19. I agree with the comments that each of us has to get through (NOT over) a death in our own time and in our own way. I have lots of experience to back his up. My dad died when I was 15, I buried a son when I was 24, a wife when I was 45 and my mom whan I was 48.

    Anyone who has been through similar experience will tell you that each one was different and yet each was in some ways exactly the same.

    I miss all of them terribly and while it may be trite, life does go on and while I am in this world I must continue to be a fully functioning human.

  20. Randy, I can’t imagine what it must be like to lose a patient you’ve tried to rescue or save – especially if it’s a child. In your kind of work, the entire episode plays out in a very short time, and you either win or lose and that’s that. I’m sure you and your coworkers each have a different personal way of dealing with those situations, but none of them can make it anything short of heartbreaking. I can only guess that sometimes, God takes them so they won’t have to deal with too much pain and suffering in living.

    Most people don’t ever get over the loss of a loved one, but thankfully the terrible pain is eventually replaced by fond memories, and that will be a comfort forever.

  21. Thanks for writing such a wonderful post, for all the work you do as an EMT and an author, and for creating a publication so wonderful that a post like this draws beautiful comments like so many people have already written.

    I’m fortunate enough that this discussion makes me thankful that I’ve never really had to go through any of that kind of grief. The closest I’ve had was losing the dog I had from age 2 to 8, and a grandmother I was particularly fond of. Yet another thing to remind myself not to take for granted. Thanks for the reminder.

  22. I totally agree with your comments. You will never ‘get over’ the loss of someone close to you, but that certainly doesn’t mean you can’t move forward. Unfortunately, some folks have a more difficult time than others moving foward. I lost my Dad 32 years ago, and some days it seems like yesterday. That’s the nature of the heart, I guess. The Director of Bereavement Services has an amazing outlook, and is obviously in the right job for her. I know some folks who could use her talents — too bad they are too far away, and won’t take any suggestions from family about these issues. We all have our challenges, don’t we?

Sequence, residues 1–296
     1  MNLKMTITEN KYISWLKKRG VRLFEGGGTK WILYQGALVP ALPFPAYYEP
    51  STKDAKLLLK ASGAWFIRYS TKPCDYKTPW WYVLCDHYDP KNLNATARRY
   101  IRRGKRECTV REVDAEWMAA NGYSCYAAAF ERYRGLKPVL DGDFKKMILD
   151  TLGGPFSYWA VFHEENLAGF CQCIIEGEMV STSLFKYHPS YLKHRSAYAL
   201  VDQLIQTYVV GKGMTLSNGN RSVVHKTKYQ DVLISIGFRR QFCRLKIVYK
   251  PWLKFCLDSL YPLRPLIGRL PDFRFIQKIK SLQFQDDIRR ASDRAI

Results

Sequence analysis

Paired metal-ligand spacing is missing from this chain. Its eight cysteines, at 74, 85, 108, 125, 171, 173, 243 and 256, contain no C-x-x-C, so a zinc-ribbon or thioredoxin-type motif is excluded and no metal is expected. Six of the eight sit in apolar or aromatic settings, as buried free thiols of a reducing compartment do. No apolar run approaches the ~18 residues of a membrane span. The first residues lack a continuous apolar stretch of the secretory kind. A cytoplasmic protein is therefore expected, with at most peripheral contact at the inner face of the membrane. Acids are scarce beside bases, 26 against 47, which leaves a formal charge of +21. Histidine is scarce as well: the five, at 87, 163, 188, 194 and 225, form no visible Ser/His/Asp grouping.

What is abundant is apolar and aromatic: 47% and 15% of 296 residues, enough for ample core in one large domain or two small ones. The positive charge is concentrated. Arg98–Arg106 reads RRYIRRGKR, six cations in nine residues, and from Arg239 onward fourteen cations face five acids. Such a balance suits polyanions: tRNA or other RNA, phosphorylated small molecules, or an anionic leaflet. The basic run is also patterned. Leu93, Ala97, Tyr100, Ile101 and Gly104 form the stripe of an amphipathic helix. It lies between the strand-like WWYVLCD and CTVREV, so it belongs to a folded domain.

You have been blessed with a gift of presenting facts/stories/thoughts in such a way that your readers can’t help but look at things differently once you show us the way. And I’m eternally grateful that there are stupid people out there so you can continue on this journey with the rest of us!

    Yes, Geri is perfect for her job. She has done other things at the hospital, but realized that she’s good at helping people deal with the after-death part of hospitalization. It doesn’t mean you don’t have bad days sometimes — everyone does — but I can attest that there’s not too many things in life that are better than being paid to do something you have a passion for, and do well. -rc

  23. I really appreciated your “Psychic Pay” story, and I thought you might be interested in this resource for the idea of remembering our loved ones who have died: “Remembering Lives: Conversations with the Dying and the Bereaved” by Lorraine Hedtke. It’s a great book, and she also has one written for children to help them cope with loss.

  24. Randy, this is very powerful for/to me, especially regarding what Geri does. I welled up when I immediately and automatically started thinking about how one might go about it. “Tell me about the last time [lost loved-one] made you laugh… Tell me about the last time you held her/him close.”

    Yeah: you can see how that could be a REALLY tough job — as well as a truly fulfilling one. It takes a special person to want to try it! -rc

  25. This past year and a half death has visited my wife’s family that it almost seems like he’s taken up residence in the spare bedroom. I made the ‘mistake’ of thinking about how much I miss her dad (passed away almost a year ago, at the end of July) that I almost can’t see to type this for the tears.

    I’d lost my mom thirty-odd years ago, and my wife was there to comfort me; now it’s my turn to do the same for her.
    No, you don’t ever really get over it. You do get used to it, and you start to tell the jokes about the person. And the smiles, however wavering, begin again.

    Thanks for letting me share.

    It’s a good reminder to appreciate the people in your life while they’re still here. Thanks, Dana. -rc